Tuesday, March 27, 2012

30k entries (I), aka computers are fast

Let's assume a document storage system with an assumed maximum working set of 30K documents. Let's say we want to assign tags to documents and search based on those tags, with an average of 10 tags per document. Using the most brain-dead algorithm available, linear scan of the document entries and string comparison on the tags, what would it take to search through those documents? Could we maintain immediate feedback?

Measuring quickly on my laptop reveals that strcmp() takes around 8ns for a long matching string and 2ns for a non-match in the first character (with first character optimization). Splitting the difference and thus not taking into account that non-matches tend to be more common than matches, let's assume 5ns to compare each tag.

 5ns /tag x 10 tags / document x 30k documents = 
               50ns / document x 30K documents =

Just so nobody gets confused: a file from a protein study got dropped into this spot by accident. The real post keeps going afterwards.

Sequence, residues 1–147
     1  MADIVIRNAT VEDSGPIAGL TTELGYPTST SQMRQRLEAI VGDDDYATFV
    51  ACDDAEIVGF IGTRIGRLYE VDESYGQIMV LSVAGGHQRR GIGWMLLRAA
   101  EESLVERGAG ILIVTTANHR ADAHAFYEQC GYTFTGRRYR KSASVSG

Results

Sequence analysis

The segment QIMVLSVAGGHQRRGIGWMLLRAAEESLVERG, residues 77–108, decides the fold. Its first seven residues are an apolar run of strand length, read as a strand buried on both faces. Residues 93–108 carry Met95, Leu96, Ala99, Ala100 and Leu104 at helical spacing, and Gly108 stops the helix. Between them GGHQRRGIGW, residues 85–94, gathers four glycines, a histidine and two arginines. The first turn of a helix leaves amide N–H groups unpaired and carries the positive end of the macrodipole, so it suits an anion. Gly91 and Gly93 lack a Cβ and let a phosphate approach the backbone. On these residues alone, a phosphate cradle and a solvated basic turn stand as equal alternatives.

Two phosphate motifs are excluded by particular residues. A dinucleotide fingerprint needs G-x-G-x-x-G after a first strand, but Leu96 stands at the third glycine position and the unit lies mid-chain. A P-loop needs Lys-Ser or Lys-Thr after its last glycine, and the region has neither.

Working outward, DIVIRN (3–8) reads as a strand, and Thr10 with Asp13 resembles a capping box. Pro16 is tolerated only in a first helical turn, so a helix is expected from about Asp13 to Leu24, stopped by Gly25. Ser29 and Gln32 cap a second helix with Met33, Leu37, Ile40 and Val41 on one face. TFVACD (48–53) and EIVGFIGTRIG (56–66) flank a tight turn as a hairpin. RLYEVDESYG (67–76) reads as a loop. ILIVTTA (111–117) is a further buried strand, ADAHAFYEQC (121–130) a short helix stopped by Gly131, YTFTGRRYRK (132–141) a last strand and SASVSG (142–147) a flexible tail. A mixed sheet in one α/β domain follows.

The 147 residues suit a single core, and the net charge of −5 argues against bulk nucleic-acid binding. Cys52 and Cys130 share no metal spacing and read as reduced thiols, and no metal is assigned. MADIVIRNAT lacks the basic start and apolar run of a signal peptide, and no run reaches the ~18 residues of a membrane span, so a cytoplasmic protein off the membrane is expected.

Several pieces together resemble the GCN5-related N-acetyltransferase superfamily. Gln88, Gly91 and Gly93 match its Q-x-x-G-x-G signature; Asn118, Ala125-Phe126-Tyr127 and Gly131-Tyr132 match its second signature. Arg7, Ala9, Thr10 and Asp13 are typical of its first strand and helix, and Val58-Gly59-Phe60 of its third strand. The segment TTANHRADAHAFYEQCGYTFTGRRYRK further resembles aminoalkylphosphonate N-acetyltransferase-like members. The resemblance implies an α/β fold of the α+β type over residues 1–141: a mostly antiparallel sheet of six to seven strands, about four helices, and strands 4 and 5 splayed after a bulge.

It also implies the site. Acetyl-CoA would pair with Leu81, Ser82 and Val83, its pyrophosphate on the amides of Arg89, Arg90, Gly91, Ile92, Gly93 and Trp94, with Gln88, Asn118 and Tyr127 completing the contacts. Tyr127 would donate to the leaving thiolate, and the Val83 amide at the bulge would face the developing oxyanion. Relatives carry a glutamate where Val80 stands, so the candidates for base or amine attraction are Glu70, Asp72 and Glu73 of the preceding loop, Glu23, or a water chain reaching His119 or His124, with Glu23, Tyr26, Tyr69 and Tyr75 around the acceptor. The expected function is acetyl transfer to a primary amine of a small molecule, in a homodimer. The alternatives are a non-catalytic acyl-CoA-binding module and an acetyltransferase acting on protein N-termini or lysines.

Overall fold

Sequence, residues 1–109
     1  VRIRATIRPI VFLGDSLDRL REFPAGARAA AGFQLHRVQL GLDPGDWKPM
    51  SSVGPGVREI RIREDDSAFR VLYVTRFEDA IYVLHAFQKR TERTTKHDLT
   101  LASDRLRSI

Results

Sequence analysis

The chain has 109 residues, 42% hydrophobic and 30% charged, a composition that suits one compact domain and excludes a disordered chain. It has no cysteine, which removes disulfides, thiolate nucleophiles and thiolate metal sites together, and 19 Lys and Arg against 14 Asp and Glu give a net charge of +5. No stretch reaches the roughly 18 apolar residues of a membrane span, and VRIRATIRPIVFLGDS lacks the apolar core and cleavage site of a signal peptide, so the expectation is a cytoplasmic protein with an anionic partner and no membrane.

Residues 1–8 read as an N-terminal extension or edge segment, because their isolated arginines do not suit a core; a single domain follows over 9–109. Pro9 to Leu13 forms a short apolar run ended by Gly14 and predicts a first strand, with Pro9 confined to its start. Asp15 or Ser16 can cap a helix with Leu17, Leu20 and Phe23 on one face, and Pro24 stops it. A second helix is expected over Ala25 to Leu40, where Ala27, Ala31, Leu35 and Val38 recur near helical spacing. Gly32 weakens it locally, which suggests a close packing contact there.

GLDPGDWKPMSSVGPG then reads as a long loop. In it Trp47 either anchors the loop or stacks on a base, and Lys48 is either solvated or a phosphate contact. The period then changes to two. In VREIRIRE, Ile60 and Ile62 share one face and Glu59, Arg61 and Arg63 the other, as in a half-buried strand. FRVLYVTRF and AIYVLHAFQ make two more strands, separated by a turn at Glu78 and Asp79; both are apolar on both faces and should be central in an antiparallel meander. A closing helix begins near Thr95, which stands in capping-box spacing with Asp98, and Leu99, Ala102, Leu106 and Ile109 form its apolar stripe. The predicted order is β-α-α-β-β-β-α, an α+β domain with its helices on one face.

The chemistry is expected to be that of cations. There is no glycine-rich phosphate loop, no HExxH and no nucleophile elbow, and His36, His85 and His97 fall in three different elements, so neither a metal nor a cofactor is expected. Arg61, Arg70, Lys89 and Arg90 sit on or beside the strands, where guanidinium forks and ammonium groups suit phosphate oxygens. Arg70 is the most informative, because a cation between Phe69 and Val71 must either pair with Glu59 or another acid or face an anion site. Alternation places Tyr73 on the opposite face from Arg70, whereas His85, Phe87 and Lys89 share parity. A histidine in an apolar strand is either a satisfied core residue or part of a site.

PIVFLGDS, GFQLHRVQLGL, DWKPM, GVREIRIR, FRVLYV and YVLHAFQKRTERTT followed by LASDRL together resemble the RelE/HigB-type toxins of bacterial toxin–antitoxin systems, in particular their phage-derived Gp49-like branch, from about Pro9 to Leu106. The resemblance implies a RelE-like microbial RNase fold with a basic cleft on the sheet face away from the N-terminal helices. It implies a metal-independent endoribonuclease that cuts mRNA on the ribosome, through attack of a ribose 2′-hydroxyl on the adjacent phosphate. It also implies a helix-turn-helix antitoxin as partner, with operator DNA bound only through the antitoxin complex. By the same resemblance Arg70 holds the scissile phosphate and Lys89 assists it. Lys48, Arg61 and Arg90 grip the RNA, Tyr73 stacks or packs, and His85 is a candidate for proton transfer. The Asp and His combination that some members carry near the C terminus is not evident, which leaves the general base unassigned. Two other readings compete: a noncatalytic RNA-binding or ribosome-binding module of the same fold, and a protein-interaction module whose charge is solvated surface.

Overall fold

1500K ns =  
                                       1500 µs = 1.5 ms
So an approach that takes longer than, say, 2ms to do such a search can probably be improved.

Of course, we could do something slightly less thoroughly braindead and represent tags using integer, er, tags. A simple integer comparison should be less then one nanosecond, so that would drop the time to below 300 µs. With that, we could do 3000 queries per second, or 300 queries every tenth of second (the generally accepted threshold for interactive performance).

In theory, we could actually start optimizing ever so slightly by storing lists of document ids with each tag and then simply doing set operations on the document lists stored with each tag. But we don't really have to.

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